Gillnetters get first of a kind jet;
crabber goes for distinctive paint job

 By Michael Crowley


Bay Welding Services is due to launch a 44' x 14' gillnetter for Cook Inlet in early November. The Homer, Alaska, boatshop has built plenty of gillnetters, but what makes this one unusual is its power package. Two 625-hp Volvo D11s with ZF 325 marine gears are fairly standard, but what’s notable is what comes after the gearing: HiJet 500 water jets with 20-inch water pumps from Hill Innovations. If you haven’t heard of this water jet or company, you aren’t alone. 

There are only three water jets from Hill Innovations currently in boats. One is in a 32-foot Bristol Bay gillnetter at Strongback Metal Boats that will be launched the end of October, and the other two are the HiJet 500s going in the Bay Welding Services gillnetter. Leonard Hill — who developed the original Traktor Jet at North American Marine Jet — designed the new jets after leaving NAM Jet and starting Hill Innovations in Alexander, Ark. 

“A lot of people are paying attention to this project because of the jets,” says Bay Welding Services’ Eric Engebretsen. It’s hoped that the new gillnetter with the HiJet 500s will have a top speed in the low 40-mph range and with “5,000 to 10,000 pounds aboard and still make 25 mph,” says Engebretsen. He likes the chances with the HiJet 500s 20-inch water pumps. “In jets there’s no substitute for diameter. The bigger the jet pump, the better it will move a bigger, heavier boat.”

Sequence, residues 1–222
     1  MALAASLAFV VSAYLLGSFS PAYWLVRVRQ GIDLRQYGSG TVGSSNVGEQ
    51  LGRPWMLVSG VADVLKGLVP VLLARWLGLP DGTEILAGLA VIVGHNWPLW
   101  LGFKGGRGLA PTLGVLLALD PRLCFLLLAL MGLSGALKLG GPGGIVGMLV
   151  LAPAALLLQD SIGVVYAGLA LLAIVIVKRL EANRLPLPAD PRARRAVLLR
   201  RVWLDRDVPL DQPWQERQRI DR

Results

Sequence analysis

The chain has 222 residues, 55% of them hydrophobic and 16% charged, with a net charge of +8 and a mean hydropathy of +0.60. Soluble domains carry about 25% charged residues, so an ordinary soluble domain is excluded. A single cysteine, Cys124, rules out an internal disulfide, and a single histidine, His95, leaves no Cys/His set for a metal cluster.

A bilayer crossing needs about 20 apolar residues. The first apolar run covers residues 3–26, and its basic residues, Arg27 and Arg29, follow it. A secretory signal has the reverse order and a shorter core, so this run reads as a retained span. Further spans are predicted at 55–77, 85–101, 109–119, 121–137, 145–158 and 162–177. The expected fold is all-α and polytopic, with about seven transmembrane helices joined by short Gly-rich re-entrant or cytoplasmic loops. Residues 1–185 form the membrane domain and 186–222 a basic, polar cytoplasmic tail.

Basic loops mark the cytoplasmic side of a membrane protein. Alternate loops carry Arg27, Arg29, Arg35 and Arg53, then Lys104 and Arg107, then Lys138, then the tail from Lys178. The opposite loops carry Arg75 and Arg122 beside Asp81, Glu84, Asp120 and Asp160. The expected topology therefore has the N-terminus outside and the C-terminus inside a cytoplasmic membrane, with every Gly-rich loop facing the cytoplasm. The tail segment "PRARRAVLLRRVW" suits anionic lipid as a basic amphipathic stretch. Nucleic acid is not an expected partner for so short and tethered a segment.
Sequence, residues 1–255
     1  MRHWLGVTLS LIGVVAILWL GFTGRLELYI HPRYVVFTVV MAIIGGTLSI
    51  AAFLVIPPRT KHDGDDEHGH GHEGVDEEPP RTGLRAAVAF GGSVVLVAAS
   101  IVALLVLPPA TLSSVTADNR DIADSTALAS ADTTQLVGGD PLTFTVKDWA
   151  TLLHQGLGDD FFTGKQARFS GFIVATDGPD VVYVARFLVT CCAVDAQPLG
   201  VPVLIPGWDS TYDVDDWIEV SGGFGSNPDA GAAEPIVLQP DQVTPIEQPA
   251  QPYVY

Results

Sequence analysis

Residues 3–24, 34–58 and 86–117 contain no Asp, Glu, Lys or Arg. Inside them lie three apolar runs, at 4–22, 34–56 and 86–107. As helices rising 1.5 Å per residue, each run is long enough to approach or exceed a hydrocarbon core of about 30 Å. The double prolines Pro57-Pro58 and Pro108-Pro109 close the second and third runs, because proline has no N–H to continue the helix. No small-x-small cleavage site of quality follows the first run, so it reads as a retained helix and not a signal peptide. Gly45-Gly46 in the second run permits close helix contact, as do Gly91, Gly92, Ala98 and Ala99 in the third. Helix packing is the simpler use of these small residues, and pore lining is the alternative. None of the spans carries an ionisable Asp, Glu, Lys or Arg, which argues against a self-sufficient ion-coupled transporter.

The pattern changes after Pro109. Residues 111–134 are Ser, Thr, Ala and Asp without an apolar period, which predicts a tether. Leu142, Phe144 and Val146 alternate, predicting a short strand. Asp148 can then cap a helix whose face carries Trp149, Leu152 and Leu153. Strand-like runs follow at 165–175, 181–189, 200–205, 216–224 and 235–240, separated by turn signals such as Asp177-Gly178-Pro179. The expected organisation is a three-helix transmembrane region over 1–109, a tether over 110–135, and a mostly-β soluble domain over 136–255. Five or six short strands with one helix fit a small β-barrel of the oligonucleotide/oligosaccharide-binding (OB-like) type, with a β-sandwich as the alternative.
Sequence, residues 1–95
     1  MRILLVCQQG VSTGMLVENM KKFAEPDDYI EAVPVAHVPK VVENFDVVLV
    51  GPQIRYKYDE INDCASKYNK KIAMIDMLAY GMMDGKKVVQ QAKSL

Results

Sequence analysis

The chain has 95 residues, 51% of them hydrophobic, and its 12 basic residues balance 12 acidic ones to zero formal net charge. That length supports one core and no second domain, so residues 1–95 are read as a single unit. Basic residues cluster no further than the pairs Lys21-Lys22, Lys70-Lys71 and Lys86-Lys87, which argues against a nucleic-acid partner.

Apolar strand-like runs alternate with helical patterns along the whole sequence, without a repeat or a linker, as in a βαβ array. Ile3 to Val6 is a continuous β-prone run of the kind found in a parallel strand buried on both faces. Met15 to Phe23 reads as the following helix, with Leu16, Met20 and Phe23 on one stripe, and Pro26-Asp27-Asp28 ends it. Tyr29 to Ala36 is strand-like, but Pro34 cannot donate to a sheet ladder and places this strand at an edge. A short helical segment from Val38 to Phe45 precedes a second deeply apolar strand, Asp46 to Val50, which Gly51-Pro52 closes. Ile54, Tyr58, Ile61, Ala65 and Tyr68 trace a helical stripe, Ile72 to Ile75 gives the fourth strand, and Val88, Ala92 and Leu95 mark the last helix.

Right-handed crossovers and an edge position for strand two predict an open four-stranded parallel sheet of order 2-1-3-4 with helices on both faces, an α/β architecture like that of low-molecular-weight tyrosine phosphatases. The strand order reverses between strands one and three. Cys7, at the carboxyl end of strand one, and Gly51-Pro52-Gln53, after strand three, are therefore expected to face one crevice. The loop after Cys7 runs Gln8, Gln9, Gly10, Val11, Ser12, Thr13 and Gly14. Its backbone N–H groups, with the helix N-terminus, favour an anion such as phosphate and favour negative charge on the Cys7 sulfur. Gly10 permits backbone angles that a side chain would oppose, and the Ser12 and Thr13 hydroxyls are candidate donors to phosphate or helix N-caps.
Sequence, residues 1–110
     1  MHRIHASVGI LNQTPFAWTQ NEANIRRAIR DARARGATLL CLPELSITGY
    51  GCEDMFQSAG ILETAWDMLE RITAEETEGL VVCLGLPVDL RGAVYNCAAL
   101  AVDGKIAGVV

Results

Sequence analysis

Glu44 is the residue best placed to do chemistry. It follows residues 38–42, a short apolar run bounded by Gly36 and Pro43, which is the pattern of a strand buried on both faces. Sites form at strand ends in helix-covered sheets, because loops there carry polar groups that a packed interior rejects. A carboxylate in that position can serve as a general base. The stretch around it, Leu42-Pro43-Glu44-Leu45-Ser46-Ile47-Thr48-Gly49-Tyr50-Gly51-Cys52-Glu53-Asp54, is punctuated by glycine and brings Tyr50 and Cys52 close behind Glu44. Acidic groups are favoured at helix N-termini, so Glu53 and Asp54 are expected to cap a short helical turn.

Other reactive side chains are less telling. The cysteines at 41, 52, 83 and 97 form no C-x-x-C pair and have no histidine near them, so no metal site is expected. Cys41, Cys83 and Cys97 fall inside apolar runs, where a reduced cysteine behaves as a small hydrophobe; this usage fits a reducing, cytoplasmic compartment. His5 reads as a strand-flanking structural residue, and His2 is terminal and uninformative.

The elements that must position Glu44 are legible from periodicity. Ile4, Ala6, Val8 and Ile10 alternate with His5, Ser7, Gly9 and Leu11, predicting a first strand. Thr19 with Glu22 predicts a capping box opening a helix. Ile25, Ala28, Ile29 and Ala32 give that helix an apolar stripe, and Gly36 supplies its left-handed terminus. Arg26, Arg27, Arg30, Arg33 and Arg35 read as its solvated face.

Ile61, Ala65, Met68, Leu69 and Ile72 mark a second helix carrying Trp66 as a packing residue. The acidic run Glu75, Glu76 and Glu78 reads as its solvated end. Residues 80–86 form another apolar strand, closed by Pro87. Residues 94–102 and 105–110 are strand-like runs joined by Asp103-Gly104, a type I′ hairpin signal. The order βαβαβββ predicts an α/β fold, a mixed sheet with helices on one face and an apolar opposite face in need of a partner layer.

Not everyone is willing to try something that hasn’t been proven, but “Leonard Hill has been doing this a long time, and his design has a lot of promise,” says Engebretsen. “So our customer decided to take the plunge and put a new product in his boat.” 

When it comes to fishing, the gillnetter will have a 7.5-ton RSW system from Pacific West Refrigeration and Kinematics net reel, level wind and stern roller. 

Giddings Boatworks expects to start construction on a 90' x 36' trawler by the end of the year. Coastwise Corp. in Anchorage is designing the new boat. “I’ve heard that this will be one of the first trawlers built for Kodiak since about the ’80s,” says Giddings Boatworks owner Ray Cox.